"Education and studying is essential," he says, "but you have to practice what you preach."
Juarez is working toward a degree in social science, hoping he might work as a teacher when he's finished.
During the day, Juarez attends his 100W writing class and takes in his history courses. Outside of class, Juarez keeps his iPhone glued to his side, organizing rallies, helping raise scholarship money for others and coordinating outreach to high school students as the community liaison for the Student Advocates for Higher Education at San Jose State University. He is also one of two representatives for the Northern California region of the California DREAM Network, a statewide network of 12 college campus organizations that address the issues of students like himself, who are in the United States illegally.
To read the whole article, click here
Friday, October 24, 2008
Mr. President, what are we talking about here? We’re talking about children. Since when, in America, do we visit the sins and crimes of parents on children? If a parent commits a crime does that mean that the child goes to prison? If a parent disqualifies himself or herself from American citizenship, does that mean the child can never have a chance? Is that what America has come to?
Amidst the confusion and distortion and vitriol of this debate on immigration, since children like Marie Gonzales. She was brought to this country from Costa Rica by her parents at the age of ten. Her parents have been deported as illegals. Because I have made a special request she has been allowed to continue to finish her college education at Westminster College in Missouri. Her goal is to be an American and to give to the only country she has ever known. Costa Rica is not her country, America’s her country.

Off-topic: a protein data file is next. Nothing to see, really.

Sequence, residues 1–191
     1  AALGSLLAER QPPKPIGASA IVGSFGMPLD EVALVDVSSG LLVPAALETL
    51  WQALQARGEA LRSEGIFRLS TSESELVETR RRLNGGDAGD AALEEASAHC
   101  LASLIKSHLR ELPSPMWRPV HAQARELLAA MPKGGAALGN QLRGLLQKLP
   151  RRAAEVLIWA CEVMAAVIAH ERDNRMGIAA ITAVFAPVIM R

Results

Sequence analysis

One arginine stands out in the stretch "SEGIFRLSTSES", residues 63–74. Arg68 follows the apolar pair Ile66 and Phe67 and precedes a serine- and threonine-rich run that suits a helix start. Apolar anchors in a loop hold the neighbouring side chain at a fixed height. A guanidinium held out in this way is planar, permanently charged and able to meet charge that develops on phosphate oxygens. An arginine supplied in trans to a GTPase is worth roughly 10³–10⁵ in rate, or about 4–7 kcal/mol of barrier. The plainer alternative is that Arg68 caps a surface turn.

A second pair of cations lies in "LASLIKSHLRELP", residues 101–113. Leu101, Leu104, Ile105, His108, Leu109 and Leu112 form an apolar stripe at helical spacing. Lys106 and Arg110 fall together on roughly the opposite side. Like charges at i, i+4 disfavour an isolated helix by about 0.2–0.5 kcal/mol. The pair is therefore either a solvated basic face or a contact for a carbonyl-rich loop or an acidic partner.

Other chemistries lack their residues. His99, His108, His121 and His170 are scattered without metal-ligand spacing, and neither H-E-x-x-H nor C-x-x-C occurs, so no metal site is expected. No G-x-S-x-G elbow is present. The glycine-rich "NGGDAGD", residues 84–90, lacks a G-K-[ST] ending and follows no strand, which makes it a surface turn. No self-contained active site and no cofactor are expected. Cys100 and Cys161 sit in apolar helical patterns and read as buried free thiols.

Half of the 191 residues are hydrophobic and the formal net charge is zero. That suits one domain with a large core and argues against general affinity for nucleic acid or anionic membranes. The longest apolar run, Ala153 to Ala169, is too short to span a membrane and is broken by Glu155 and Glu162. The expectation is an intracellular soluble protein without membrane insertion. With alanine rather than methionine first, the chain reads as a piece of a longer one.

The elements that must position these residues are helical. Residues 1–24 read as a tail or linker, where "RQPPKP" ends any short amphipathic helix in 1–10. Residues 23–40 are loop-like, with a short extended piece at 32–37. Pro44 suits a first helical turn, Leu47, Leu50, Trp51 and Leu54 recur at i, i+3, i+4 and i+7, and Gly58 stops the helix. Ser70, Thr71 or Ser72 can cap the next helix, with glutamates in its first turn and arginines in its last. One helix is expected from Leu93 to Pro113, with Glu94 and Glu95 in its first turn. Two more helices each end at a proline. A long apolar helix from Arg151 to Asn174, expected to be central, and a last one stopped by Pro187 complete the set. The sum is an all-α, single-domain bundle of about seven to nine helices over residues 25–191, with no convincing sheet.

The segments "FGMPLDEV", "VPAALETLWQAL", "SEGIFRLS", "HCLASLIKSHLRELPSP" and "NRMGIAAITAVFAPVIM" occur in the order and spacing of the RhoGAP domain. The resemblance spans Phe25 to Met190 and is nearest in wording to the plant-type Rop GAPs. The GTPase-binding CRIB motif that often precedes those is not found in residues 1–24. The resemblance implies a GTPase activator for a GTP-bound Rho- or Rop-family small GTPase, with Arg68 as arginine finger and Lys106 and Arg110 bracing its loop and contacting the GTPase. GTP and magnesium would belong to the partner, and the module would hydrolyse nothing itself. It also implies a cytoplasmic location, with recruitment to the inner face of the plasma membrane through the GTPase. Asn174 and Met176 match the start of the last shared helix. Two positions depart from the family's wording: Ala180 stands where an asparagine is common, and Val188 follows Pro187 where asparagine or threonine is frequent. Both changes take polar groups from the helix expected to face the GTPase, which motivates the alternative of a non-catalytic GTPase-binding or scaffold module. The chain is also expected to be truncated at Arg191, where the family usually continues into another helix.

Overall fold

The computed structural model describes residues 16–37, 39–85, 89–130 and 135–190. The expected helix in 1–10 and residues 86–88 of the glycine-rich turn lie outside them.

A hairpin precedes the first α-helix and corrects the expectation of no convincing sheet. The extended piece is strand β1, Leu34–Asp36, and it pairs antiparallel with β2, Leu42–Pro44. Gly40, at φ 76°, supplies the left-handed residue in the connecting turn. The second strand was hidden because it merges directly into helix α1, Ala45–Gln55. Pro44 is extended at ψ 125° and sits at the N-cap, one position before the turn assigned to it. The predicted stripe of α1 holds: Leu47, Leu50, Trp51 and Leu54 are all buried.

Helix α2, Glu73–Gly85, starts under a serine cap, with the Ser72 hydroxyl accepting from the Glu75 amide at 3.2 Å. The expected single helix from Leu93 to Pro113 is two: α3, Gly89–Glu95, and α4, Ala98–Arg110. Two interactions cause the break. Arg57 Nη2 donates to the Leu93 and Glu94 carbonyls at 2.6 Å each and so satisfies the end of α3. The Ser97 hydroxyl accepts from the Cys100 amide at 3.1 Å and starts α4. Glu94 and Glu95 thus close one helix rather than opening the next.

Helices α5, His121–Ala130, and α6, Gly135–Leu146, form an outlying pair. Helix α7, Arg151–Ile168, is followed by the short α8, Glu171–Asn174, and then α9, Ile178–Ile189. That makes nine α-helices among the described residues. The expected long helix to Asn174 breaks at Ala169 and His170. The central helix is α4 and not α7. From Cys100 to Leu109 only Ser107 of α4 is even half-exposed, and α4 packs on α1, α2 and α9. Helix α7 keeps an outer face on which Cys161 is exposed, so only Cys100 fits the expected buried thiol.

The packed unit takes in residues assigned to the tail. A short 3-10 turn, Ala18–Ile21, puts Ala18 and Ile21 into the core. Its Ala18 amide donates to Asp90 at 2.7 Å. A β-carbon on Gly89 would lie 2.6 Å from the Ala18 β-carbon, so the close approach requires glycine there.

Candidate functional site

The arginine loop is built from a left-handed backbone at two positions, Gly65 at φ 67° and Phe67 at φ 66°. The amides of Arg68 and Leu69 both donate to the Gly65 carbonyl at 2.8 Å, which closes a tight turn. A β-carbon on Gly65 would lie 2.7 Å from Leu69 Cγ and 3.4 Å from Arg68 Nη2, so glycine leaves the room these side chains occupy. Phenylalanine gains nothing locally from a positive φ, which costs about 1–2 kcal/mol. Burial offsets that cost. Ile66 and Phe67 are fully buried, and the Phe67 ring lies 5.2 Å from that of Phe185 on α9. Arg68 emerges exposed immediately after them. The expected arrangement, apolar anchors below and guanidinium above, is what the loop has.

What we are talking about is turning these children out. Children with no country. And what sin, what crime did they commit? They obeyed their parents. They followed their parents. And for some that is going to be a mark of Cain on their heads forever in America. Is that what we’re all about?
Give these kids a chance. Meet them. Take the time to see these children. Many of us have. And what you’ll see in their eyes is the same kind of hope for this country that we want to see in our own children’s eyes. To be doctors and nurses and teachers, engineers, to find cures for diseases, to start businesses, the things that make America grow.
Give these kids a chance. Don’t take your anger out on illegal immigration on children who have nothing to say about this. They were brought to this country. They’ve lived a good life. They’ve proven themselves. They’ve beaten the odds. We need them.
And then they’ll turn around and tell me tomorrow that you need H1B visas to bring in talented people to America because we don’t have enough. Don’t tell me you need H2B and H2A and all the rest of them. No, if you’re going to turn away these children. If you’re going to say, “America doesn’t need you, go about your business, find someplace in the world.” Don’t come back to me and tell me we need a bigger labor pool and more talent in America.
How can we say no to hope? How can we say no to these kids when all they want is a piece of the American Dream? Please vote to proceed to the DREAM Act. I will work with Senator Hutchinson, a bipartisan amendment, we’ll do our best and I think we can come up with something. Give these kids a chance.
Today marks the anniversary of the DREAM Act defeat in the Senate. And while this day brings awful memories of that day, DREAMers all over the country are not giving up on the fight to make our dreams a reality. 2009 brings new hopes and opportunities. And I know that with the help of Sen. Durbin, we will finally be able to stop living in fear.
Thank you, Senator Durbin, for believing in us.